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Dupree, defensive line impressing early in spring practice

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Bud Dupree had 91 tackles, 12.5 for loss and 6.5 sacks as a sophomore in 2012. (Britney McIntosh, UK Athletics) Bud Dupree had 91 tackles, 12.5 for loss and 6.5 sacks as a sophomore in 2012. (Britney McIntosh, UK Athletics)
Bud Dupree knows all about the history Mark Stoops and D.J. Eliot have with defensive ends.

He doesn't need to be told about what Bjoern Werner and Cornelius Carradine did the last two years at Florida State. He's keenly aware of the 44.5 sacks they combined to register in 2011 and 2012 and where the pair stands in the latest NFL Draft projections.

Needless to say, he likes what he's seen.

"My eyes light up when I see that," Dupree said. "Hopefully they have two first-round picks this year."

The 6-foot-4, 254-pound junior has spent the first three practices of the spring at the same defensive-end spot where Werner and Carradine starred the last two seasons. It's early, but the coaches like Dupree just as much he likes his coaches' track record.

"Bud Dupree is extremely athletic for his size," Eliot said after practice on Friday, UK's first in pads. "I think he's got a chance to be a very good defensive end. Fundamentally right now, he's not where he needs to be, but he's working on it every day."

Dupree spent most of his freshman season at defensive end in UK's hybrid front. As a sophomore, he moved primarily to linebacker, totaling 91 tackles, 12.5 for loss and a team-best 6.5 sacks. His versatility is forcing Stoops and Eliot into a decision on where he will play in a new 4-3 base scheme.

He is listed at defensive end only in UK's spring guide and has worked there exclusively thus far. Dupree, though, isn't sure just yet whether end is where he will play in the fall. So long as he's in position go after the quarterback, Dupree doesn't much care.

"Whichever, I don't care," Dupree said when asked of his preference between end and linebacker. "I want to have sacks though."

Considering FSU's defensive ends combined for 26.5 sacks last year and the linebackers had just three, end seems to be his likely landing spot. Dupree's performance so far this spring only serves to strengthen that idea.

In three practices, Dupree and his fellow linemen have been the standouts on UK's defense. The linebackers and backs have shown flashes, but the line under Jimmy Brumbaugh - with ends Za'Darius Smith and Farrington Huguenin and tackles Donte Rumph, Mister Cobble and Tristian Johnson - has been impossible to ignore.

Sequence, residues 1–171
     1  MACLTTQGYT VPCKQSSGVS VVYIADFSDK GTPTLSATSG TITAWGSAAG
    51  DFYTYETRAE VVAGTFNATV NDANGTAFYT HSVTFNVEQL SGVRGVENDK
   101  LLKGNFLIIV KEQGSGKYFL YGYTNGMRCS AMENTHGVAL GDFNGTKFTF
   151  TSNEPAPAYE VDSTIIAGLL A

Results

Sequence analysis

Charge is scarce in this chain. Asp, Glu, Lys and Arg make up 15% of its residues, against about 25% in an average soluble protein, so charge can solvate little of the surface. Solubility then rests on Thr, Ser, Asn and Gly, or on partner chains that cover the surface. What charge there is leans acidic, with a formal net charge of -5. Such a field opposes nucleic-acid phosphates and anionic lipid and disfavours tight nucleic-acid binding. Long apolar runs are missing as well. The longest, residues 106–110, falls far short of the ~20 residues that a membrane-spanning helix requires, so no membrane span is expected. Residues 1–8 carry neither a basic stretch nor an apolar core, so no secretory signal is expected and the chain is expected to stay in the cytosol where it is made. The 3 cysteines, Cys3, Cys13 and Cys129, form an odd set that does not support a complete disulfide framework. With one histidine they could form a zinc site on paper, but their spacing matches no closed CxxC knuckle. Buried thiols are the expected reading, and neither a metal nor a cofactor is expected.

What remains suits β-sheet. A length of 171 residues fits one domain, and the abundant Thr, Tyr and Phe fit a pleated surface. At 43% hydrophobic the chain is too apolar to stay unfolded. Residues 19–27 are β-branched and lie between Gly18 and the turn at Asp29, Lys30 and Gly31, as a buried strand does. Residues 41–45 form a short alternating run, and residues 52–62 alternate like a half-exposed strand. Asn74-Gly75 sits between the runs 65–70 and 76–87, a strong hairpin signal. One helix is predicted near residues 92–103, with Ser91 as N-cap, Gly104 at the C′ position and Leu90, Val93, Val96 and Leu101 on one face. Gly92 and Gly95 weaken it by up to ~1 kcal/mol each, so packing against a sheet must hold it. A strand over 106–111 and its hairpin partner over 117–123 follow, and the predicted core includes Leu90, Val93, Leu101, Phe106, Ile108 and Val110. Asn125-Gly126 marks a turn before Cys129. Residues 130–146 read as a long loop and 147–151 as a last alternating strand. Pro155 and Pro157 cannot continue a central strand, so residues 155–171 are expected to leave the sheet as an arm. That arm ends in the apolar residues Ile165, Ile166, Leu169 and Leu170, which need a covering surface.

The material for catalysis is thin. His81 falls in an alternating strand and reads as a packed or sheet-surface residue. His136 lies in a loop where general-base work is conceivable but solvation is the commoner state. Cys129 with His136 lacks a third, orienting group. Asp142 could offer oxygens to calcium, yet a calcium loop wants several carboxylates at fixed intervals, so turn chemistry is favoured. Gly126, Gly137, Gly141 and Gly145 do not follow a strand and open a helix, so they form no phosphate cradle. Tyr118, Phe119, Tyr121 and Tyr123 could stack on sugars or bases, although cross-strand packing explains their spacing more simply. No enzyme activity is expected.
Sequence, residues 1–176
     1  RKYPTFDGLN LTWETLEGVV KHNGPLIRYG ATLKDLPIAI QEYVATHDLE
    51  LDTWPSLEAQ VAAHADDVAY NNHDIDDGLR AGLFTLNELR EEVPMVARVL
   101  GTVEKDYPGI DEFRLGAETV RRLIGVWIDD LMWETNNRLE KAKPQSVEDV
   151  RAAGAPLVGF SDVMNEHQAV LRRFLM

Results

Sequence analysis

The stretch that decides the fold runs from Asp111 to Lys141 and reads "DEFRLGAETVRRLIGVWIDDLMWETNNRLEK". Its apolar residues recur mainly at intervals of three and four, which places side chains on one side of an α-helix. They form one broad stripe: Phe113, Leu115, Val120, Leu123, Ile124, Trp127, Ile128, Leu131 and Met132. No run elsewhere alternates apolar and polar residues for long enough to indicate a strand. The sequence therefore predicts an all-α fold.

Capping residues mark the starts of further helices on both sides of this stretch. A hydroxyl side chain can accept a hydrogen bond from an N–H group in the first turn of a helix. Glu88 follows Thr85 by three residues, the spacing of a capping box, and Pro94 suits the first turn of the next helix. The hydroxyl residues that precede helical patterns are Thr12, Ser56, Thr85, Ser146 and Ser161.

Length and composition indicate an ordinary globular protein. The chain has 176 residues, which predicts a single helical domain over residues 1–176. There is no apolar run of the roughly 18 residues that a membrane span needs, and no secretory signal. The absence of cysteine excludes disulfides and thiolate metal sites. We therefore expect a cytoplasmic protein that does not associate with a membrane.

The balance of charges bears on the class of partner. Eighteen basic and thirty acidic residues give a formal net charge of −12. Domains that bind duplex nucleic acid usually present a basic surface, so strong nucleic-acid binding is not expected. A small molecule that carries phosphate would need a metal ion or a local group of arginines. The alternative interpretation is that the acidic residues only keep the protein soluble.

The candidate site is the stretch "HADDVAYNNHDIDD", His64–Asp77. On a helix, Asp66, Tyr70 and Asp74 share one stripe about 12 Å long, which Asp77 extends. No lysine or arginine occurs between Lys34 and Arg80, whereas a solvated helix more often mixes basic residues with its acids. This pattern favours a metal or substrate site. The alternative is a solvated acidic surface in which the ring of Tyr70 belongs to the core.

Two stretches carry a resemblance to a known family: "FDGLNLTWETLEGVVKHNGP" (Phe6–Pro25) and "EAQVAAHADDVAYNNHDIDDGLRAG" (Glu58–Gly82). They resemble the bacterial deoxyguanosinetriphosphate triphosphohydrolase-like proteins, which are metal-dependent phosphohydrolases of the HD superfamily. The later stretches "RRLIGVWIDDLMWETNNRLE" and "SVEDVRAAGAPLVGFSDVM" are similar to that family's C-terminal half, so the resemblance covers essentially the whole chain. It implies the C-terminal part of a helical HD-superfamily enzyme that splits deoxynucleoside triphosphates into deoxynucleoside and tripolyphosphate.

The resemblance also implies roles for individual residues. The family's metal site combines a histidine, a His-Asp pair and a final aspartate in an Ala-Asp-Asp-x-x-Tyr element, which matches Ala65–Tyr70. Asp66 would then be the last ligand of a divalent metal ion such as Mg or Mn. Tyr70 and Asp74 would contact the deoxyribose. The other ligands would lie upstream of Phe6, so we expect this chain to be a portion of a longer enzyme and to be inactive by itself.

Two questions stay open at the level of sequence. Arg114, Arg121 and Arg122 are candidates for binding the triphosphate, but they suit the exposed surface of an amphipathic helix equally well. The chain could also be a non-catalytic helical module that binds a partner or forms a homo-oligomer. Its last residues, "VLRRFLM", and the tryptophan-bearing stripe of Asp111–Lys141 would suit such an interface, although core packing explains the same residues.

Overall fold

"I think the defensive line is doing a really good job," Eliot said. "They've got some veteran players up there, so they have some guys that are used to game action. So far, they have caught my eye."

As experienced as many of those players may be, Smith has a leg up even though he's never played a down at the Division I level. The 6-foot-6, 257 pounder played last season at East Mississippi Community College, the same junior college where Brumbaugh coached last season.

"Za'Darius is doing a nice job," Stoops said. "I noticed him a few times out there, had some nice plays today. He's doing good, and he's ahead. He knows Coach Brumbaugh's techniques and how we want to play fundamentally defensively, so he's doing a nice job."

Dupree went so far as to call Smith a coach on the field.

"Z, he's a very physical guy," Dupree said. "He knows a lot more than we do because he was with Coach Brumbaugh already at JUCO. He's ahead, he's the line leader and just calling the drills and he's showing us things Coach Brumbaugh taught him."

What Eliot hopes, though, is that it won't take the others long to catch up. Florida State succeeded with a defensive system that relied on simplicity to put players in a position to make plays. Eliot wants players to eventually know their roles so well it's not even necessary to think on the field.

"I hope as a coach that my scheme is never hard for the players, so I hope that's accurate (that the scheme is simple)," Eliot said. "I think our guys are picking it up pretty quick. Our philosophy is we want to be multiple, but we want to be simple for the players."

Dupree isn't completely up to speed just yet, but he understands what Eliot is talking about.

"It's very simple," Dupree said. "We've got a lot of schemes, but it all pretty much flows in the same category. We just know what to do when we line up and not think too much."

Eventually, Dupree wants to reach the point where the only thing on his mind during passing plays is to get the quarterback. If he can do that, Dupree can picture himself and his teammates shaking hands with NFL Commissioner Roger Goodell just like Werner and Carradine will in a little more than a month.

"Maybe that will be me and Z in the future," Dupree said. "And Farrington also."

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